(Bloomberg Opinion) -- Like most people outside of the Kremlin, mainstream German politicians are outraged about the poisoning of Alexey Navalny, the Russian opposition leader who’s being treated in a Berlin clinic and has just come out of a coma. Then again, they’ve been outraged countless times about whatever Russia under President Vladimir Putin has got up to. And their indignation has never amounted to much. This time something is different.
Just ask Norbert Roettgen, the chairman of the Bundestag’s foreign-policy committee and one of three candidates to become the next leader of the center-right Christian Democrats, Chancellor Angela Merkel’s party. He thinks Germany and Europe must talk to Putin in a language the Russian leader understands: gas. Specifically, Roettgen wants to halt construction of a pipeline that runs under the Baltic Sea from Russia to Germany and is already 94% built. A growing chorus of German voices agrees with him.
Called Nord Stream 2 because it runs right alongside an existing pipeline, this project, led by the Kremlin-controlled energy giant Gazprom PJSC, has for years been a geopolitical and diplomatic disaster for Merkel. Almost all of Germany’s allies bitterly oppose it, from the Poles and Balts in the east to the French and Americans in the west. It’s made Germany look like an unreliable and insensitive partner just as Merkel tries to keep the European Union and the transatlantic relationship from unraveling.
So I have no doubt that Merkel has understood all along that Nord Stream 2 is a mistake. And yet, she has so far defended it in public. Just the other day, she averred that the pipeline, in which many private European companies have invested, should be kept separate from the Navalny case. Why?
The reason is that Merkel needs to keep the peace in her coalition, which includes the center-left and generally pro-Russian Social Democrats. Nord Stream 2 was always primarily their baby. The most shameless among them is Gerhard Schroeder, a Putin buddy who was Merkel’s predecessor as chancellor and is now chairman of Gazprom’s Nord Stream AG and Rosneft Oil Co. PJSC, another Russian energy giant. But even the SPD’s current leaders have carried on backing the pipeline.
The U.S. has made this domestic constraint on Merkel tighter. President Donald Trump keeps browbeating Merkel for making Germany “captive” to Russia, which is an exaggeration. And three U.S. Senators, including Ted Cruz, are campaigning to levy sanctions against a German port helping to complete Nord Stream 2. It happens to be in Merkel’s own constituency.
Predictably, this has triggered every anti-American impulse from lefties and eastern Germans, and howls of “blackmail” across the political spectrum. Merkel cannot be seen to bow under this American pressure. If nothing else had happened, Merkel would have been less willing than ever to bury the pipeline.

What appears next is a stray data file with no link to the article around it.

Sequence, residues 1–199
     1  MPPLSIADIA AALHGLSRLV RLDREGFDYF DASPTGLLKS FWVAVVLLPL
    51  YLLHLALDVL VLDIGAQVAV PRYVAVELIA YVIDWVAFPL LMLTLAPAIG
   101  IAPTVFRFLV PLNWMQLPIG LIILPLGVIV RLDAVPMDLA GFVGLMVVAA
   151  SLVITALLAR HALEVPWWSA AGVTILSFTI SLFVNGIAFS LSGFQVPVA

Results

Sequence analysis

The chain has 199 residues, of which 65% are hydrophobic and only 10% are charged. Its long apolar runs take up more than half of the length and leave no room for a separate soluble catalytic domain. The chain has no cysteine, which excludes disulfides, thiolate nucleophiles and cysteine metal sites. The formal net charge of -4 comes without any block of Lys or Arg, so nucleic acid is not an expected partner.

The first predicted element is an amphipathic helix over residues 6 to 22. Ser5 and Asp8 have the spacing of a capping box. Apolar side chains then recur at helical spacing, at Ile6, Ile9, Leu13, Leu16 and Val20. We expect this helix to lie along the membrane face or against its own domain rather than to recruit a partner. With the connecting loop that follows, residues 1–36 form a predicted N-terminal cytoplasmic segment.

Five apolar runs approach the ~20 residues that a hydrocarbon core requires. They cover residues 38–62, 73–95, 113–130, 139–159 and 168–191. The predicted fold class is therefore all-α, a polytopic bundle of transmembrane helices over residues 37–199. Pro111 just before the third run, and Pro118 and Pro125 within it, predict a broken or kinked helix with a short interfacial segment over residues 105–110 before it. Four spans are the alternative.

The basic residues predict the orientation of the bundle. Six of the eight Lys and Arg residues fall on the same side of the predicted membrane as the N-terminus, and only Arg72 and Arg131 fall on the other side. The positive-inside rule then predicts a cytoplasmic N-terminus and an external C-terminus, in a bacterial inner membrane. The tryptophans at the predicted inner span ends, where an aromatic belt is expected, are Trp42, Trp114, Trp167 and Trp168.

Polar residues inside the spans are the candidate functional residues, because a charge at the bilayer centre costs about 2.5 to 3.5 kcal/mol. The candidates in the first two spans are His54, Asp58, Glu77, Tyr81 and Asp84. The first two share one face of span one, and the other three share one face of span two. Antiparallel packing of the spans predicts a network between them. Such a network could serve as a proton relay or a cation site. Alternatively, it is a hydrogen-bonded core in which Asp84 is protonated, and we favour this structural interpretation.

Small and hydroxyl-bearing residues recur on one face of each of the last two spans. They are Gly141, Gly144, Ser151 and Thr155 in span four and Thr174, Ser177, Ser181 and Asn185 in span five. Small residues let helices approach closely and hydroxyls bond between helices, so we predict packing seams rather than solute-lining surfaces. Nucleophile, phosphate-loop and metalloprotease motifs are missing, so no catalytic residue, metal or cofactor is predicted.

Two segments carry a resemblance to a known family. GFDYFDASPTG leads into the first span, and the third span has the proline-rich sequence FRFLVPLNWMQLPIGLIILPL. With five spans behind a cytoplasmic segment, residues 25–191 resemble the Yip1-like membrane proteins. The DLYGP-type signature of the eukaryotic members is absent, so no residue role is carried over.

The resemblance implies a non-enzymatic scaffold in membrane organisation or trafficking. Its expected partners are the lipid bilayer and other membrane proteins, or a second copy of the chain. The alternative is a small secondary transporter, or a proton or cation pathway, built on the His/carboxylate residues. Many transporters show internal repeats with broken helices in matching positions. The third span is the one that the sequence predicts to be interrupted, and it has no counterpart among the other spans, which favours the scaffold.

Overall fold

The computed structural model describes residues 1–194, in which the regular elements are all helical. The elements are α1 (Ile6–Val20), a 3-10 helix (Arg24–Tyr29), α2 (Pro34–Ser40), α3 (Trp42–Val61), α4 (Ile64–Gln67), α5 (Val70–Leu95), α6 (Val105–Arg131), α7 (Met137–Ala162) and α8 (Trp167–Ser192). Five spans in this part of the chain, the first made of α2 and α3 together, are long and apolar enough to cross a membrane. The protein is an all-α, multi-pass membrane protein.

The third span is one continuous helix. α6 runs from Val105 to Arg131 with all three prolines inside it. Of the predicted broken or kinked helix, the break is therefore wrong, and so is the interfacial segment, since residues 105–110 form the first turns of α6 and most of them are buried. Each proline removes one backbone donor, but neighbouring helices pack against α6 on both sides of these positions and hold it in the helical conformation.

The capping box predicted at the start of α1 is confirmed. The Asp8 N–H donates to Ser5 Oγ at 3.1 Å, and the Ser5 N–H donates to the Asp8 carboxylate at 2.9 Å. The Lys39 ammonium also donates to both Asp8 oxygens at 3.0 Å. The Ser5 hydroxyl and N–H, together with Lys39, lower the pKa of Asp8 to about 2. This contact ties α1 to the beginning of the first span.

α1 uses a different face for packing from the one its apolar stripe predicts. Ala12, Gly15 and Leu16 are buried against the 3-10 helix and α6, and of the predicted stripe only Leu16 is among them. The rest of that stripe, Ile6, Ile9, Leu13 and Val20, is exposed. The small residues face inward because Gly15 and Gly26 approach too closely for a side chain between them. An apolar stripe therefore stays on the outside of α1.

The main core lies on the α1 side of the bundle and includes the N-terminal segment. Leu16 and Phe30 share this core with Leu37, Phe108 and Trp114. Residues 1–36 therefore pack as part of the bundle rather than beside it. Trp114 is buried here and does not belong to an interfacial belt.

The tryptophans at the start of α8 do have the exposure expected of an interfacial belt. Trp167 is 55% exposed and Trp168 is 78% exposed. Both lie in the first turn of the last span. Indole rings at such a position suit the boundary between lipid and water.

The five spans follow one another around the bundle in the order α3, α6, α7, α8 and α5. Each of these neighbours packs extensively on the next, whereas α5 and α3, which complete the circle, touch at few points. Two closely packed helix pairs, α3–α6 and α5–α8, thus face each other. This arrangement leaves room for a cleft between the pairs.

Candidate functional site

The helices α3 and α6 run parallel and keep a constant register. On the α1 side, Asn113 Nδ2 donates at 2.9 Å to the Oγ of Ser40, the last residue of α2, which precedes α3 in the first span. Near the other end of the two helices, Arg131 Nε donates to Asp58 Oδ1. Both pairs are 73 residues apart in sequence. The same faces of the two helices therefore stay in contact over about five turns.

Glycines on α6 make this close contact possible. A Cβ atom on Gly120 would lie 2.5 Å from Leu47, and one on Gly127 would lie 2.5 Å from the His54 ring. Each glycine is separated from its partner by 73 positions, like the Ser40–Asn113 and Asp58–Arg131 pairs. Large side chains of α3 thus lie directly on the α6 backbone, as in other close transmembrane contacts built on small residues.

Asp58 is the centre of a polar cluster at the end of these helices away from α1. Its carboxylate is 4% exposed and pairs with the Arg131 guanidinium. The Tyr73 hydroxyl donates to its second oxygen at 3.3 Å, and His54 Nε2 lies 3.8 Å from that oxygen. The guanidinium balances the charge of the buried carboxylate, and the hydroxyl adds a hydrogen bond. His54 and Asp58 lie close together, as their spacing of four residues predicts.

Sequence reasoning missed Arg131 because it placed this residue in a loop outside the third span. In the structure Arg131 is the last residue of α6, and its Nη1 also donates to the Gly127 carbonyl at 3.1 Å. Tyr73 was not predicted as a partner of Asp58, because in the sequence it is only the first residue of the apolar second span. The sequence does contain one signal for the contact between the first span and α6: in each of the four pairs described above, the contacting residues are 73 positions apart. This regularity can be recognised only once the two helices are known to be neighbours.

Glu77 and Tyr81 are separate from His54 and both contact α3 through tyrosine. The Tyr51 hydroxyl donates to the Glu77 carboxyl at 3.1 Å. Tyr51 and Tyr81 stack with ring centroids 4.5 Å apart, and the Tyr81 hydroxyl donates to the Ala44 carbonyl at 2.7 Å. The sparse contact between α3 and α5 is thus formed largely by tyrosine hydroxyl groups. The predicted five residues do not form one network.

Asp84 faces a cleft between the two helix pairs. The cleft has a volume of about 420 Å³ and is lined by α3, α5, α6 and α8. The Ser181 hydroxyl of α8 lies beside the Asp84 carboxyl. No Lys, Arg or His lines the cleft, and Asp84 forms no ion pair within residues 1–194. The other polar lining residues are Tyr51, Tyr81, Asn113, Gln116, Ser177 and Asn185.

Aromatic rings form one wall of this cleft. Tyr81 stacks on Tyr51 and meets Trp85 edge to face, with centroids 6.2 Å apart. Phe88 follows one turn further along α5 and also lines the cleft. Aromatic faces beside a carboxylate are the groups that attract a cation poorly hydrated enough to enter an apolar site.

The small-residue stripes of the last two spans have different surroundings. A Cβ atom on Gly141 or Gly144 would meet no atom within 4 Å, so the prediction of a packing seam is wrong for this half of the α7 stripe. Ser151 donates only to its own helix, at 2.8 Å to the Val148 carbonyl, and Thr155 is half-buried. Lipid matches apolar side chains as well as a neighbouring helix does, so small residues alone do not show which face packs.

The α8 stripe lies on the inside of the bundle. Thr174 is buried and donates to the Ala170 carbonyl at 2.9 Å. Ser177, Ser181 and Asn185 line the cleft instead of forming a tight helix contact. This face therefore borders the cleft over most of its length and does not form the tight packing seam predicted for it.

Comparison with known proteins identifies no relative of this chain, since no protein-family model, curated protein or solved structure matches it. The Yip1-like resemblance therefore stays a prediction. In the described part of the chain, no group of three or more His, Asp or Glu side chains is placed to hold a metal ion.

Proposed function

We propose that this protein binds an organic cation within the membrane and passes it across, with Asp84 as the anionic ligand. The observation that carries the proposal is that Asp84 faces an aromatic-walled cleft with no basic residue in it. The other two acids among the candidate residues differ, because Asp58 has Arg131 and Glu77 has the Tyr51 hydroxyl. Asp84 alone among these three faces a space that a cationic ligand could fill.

But something did happen: The confirmation from German military labs that Navalny was indeed attacked with novichok. The nerve agent was developed in the Soviet Union, has been used against the Kremlin’s foes before and is outlawed by the Organisation for the Prohibition of Chemical Weapons.
At Putin’s direction, meanwhile, the Kremlin is playing the same game as ever, creating fictional counter-narratives to confuse and deflect. The point, as I’ve argued, is to display the naked power that allows Putin to abolish truth with impunity.
But this time that’s too much even for some German Social Democrats to bear. One of them is Heiko Maas, the country’s foreign minister, who told a German newspaper that he hopes “the Russians don’t force us to change our stance” on Nord Stream 2. Merkel has now let it be known that she also thinks “it’s wrong to rule out” a change in pipeline policy. Notice the subtle change.
Those who’ve watched her during her 15 years in office are reminded of another notable U-turn. In line with her party’s policy at the time, she initially extended the life of Germany’s nuclear power stations. But she knew that the German population was overwhelmingly against atomic energy. Then, in 2011, a tsunami caused three nuclear meltdowns in Fukushima. Merkel grasped that this was her opportunity to change direction. Instead of prolonging nuclear power, Germany started exiting it altogether.
She may view the crime against Navalny in the same way as Fukushima. The geopolitical case against Nord Stream 2 is stronger than ever, just as the economic case for it becomes ever weaker. In the coming days or weeks, Merkel therefore could — and should — seize this moment and end it.
It would have to be part of a joint decision by the EU in coordination with other NATO allies. So Trump can help things along by temporarily keeping mum for a change. Meanwhile, Putin still has a chance to save his pipeline by starting to cooperate honestly in the investigation of the novichok attack on Navalny. How likely is that?
This column does not necessarily reflect the opinion of the editorial board or Bloomberg LP and its owners.
Andreas Kluth is a columnist for Bloomberg Opinion. He was previously editor in chief of Handelsblatt Global and a writer for the Economist. He's the author of "Hannibal and Me."
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